For the first time in two years, members of the international collaboration working on the Proton Improvement Plan II project, or PIP-II, were able to gather in-person on Fermilab’s campus. The PIP-II Project Executive Board’s 12th meeting was held July 11, and the second-ever PIP-II Technical Workshop followed on July 12–14.
The PIP-II Project Executive Board, or P2PEB, provides project-wide planning, coordination and issue resolution during all phases of the project and on all project aspects, including schedule, budget, resources, scope, safety and performance. The Executive Board meets every three months with meeting agendas tailored to the latest project priorities.
P2PEB#12 was held in a hybrid format with about 50 participants. All European technical coordinators attended in person, while several Fermilab and other in-kind contributor, or IKC, participants connected remotely. They focused on preparing acceptance plans and criteria before the next DOE project review and discussed the status of design reviews and codes issues to ensure that PIP-II and partners are aligned with the near-future project activities.
“The P2PEB meetings represent the core meeting for PIP-II Fermilab and IKC partners coordination,” said Luisella Lari, interim PIP-II project manager and in-kind contribution manager. “They were essential during COVID for the preparation of successful CD-2 and CD-3 reviews.”
The P2PEB plans to hold their next meeting at one of the IKC partner’s sites.
On Tuesday, July 12, the PIP-II Technical Workshop began. The goal of the workshop is to facilitate communication among the broader technical teams responsible for delivering hardware to PIP-II. It is an opportunity to have a technical overview of the project and to discuss common concerns with the technical teams from all partners.
The first PIP-II technical workshop was held in December 2020, entirely virtually, so the July iteration was the first time in two years that the collaborators could meet face-to-face. With many collaborators still grappling with the COVID pandemic, a large contingency participated remotely, but workshop organizer Allan Rowe said they were able to be very effective with the hybrid format.
“We’re in a truly integrated team,” said Rowe, the PIP-II in-kind contribution technical integration manager. “We’re starting to travel back and forth to partners again, and this really is setting the momentum toward the construction phase [of the project]. … It’s essential to get this kind of interaction again.”
The workshop drew 29 international-partner in-person participants among 231 total registrants. Having recently reached the critical milestone of gaining CD-3 approval, the focus was on production—specifically for the 650 MHz cryomodules, which will make up the final leg of the linear accelerator.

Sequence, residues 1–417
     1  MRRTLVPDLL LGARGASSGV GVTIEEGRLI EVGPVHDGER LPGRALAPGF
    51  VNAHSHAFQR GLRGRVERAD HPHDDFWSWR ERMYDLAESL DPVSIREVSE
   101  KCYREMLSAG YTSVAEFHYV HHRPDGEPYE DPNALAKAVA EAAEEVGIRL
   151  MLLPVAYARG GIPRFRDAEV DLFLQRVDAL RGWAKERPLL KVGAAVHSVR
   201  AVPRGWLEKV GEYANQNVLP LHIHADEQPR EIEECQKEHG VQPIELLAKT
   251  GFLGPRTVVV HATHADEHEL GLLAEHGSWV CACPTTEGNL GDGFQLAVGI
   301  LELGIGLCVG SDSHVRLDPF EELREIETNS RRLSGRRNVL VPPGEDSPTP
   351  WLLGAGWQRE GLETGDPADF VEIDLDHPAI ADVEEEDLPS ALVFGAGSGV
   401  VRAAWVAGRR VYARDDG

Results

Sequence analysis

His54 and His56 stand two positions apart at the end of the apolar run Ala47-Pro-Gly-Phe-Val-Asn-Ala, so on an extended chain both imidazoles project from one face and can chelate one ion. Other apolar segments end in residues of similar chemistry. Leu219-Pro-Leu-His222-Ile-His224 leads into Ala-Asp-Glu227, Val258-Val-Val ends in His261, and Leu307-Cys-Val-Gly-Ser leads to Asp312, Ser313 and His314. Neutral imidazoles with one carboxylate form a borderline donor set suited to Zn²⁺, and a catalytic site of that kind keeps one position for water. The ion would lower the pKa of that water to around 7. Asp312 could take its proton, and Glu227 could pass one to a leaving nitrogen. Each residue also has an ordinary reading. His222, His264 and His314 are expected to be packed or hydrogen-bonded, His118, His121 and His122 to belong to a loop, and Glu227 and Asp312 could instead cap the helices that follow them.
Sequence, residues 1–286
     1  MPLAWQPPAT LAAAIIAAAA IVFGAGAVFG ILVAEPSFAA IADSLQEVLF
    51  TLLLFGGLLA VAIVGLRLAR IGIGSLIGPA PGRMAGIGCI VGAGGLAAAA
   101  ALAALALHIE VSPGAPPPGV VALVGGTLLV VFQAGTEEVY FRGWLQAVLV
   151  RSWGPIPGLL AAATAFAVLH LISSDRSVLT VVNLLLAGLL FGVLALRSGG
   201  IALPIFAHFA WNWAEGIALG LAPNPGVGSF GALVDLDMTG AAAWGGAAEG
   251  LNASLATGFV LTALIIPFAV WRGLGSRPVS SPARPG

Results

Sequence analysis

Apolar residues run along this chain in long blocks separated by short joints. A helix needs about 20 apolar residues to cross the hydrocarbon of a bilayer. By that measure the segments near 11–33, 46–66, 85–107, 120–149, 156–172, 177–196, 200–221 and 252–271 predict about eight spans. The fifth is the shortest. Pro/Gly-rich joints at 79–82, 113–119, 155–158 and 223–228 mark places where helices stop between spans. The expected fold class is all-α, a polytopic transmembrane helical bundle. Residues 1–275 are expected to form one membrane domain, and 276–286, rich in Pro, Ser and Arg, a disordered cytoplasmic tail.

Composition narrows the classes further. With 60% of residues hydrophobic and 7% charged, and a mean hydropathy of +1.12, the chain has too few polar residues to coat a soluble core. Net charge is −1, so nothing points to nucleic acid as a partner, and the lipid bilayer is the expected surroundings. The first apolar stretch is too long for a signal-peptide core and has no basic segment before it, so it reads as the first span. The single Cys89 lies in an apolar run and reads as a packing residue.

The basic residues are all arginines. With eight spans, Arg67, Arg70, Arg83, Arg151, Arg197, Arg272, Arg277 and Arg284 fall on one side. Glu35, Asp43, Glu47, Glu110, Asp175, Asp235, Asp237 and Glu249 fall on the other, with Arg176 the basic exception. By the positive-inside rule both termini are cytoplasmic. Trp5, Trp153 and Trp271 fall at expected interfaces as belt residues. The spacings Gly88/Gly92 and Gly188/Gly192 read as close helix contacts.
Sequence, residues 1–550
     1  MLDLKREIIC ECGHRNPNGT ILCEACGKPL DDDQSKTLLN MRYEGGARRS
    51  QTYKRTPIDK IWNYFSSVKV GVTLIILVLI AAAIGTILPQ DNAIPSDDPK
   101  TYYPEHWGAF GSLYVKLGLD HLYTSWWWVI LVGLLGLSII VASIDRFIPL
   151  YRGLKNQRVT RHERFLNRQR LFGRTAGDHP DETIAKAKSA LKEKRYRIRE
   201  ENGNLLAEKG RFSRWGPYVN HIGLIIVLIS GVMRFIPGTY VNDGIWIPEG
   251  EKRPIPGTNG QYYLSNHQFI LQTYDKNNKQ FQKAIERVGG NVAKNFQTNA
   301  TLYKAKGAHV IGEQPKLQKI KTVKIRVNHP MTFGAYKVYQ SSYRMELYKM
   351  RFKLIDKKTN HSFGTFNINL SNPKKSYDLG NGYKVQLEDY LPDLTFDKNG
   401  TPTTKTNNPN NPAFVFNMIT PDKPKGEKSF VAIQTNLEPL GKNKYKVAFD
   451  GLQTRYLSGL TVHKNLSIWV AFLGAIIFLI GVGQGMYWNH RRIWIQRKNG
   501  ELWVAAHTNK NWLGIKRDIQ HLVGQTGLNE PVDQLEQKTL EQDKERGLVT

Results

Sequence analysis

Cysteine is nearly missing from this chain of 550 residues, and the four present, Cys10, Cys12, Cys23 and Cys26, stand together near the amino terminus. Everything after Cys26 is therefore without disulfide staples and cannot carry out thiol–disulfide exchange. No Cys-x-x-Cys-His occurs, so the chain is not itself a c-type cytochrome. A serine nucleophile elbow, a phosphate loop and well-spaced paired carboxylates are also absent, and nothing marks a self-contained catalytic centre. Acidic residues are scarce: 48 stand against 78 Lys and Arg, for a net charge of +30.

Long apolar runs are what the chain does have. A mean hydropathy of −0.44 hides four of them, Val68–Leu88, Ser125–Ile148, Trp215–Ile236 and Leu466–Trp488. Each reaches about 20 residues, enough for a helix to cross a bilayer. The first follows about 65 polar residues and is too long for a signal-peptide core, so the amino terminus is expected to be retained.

Across four working groups, 65 talks were given. They covered topics like radiofrequency coupler production, managing technology obsolescence, HB650 cryomodule production, 650 MHz cavity processing and testing, and cryogenic distribution system interfaces and analysis.
“This workshop is a nice tool to exchange information between work packages, especially at a technical level,” said David Longuevergne, PIP-II technical coordinator from Centre National de la Recherche Scientifique / Institut National de Physique Nucléaire et de Physique des Particules in France. “It is the only mechanism to allow such a broad exchange at the level of the PIP-II project.”
Three collaborators from India were able to attend in person, having recently begun a short-term visit at Fermilab. “The presentations were broad and informative from a project viewpoint,” said Aniruddha Bose of the Raja Ramanna Centre for Advanced Technology. “Attending them in-person provided better scope in terms of discussion. It was also nice to meet scientists and engineers from various labs.”
Nicolas Bazin, PIP-II technical coordinator from the French Alternative Energies and Atomic Energy Commission, or CEA, said that spending time on site was a great opportunity for non-Fermilab collaborators like himself to see the Fermilab team’s progress on the assembly of the HB650 prototype cryomodule, the upgrade of infrastructure like PIP2IT and MP9, and the construction of the cryogenic plant building.
For many in-person attendees, one of the most valuable aspects of the workshop was the opportunity to meet collaborators in person—some for the first time since joining PIP-II.
“We were able to work through issues face-to-face that otherwise would have taken two months of back-and-forth emails,” said Cristian Boffo of Fermilab, PIP-II SRF and cryogenics systems manager. “That helped us to get through some sticky issues much faster.”
Bazin agreed. “Since I was the only CEA representative to come to Fermilab, my team prepared a list of pending technical issues to discuss. Some of these issues were pending for several months, despite e-mail exchanges and video meetings,” he said. “Discussing face-to-face with people allowed to close most of them and to make progress on the others.
“The program was very good; the presentations were very detailed, leading to interesting discussions,” Bazin continued. “From my point of view, this technical workshop was very fruitful.”